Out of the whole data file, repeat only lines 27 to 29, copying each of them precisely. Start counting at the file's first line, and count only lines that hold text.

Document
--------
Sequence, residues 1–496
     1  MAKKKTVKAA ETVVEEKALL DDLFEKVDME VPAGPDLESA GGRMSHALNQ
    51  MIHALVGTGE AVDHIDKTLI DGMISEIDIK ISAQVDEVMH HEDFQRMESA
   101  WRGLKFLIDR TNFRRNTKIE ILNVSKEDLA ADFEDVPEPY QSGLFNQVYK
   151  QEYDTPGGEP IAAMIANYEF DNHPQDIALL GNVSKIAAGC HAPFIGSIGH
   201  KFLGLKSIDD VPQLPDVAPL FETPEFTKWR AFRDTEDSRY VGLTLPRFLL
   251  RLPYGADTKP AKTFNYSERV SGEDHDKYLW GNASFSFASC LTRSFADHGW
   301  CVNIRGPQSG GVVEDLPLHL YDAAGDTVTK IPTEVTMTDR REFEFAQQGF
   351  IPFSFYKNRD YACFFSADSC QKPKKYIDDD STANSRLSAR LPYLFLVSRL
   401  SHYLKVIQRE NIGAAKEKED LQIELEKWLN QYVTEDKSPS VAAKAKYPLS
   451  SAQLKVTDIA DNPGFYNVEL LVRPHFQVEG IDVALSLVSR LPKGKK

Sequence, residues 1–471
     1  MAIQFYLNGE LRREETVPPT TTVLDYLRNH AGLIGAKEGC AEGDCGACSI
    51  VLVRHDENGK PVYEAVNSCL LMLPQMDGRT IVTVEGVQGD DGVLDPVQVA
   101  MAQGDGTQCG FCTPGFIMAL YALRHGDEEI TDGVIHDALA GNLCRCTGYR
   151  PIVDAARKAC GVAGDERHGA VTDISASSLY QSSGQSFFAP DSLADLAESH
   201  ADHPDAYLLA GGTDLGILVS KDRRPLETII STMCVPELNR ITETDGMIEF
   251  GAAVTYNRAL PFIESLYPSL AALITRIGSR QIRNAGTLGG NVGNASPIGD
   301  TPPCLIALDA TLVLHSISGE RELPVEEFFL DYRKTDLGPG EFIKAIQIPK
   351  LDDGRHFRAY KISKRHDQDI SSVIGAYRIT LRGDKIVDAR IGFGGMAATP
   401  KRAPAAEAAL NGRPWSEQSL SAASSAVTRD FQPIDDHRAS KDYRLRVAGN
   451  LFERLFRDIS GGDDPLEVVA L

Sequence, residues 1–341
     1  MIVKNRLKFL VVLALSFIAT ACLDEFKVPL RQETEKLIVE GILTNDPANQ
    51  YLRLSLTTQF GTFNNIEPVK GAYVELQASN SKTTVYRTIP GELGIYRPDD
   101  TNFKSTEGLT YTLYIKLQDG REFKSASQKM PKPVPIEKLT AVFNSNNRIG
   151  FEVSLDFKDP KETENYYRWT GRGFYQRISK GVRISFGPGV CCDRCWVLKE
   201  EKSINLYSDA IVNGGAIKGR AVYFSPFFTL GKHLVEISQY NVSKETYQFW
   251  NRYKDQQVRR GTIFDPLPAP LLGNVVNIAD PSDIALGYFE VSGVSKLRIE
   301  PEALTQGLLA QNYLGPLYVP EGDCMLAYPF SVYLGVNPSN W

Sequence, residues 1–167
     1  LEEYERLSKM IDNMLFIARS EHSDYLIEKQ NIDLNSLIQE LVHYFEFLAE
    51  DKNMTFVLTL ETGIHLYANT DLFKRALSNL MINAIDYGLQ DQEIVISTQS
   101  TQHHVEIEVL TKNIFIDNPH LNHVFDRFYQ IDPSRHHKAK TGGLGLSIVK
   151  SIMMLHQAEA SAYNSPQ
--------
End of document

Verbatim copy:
   151  FEVSLDFKDP KETENYYRWT GRGFYQRISK GVRISFGPGV CCDRCWVLKE
   201  EKSINLYSDA IVNGGAIKGR AVYFSPFFTL GKHLVEISQY NVSKETYQFW
   251  NRYKDQQVRR GTIFDPLPAP LLGNVVNIAD PSDIALGYFE VSGVSKLRIE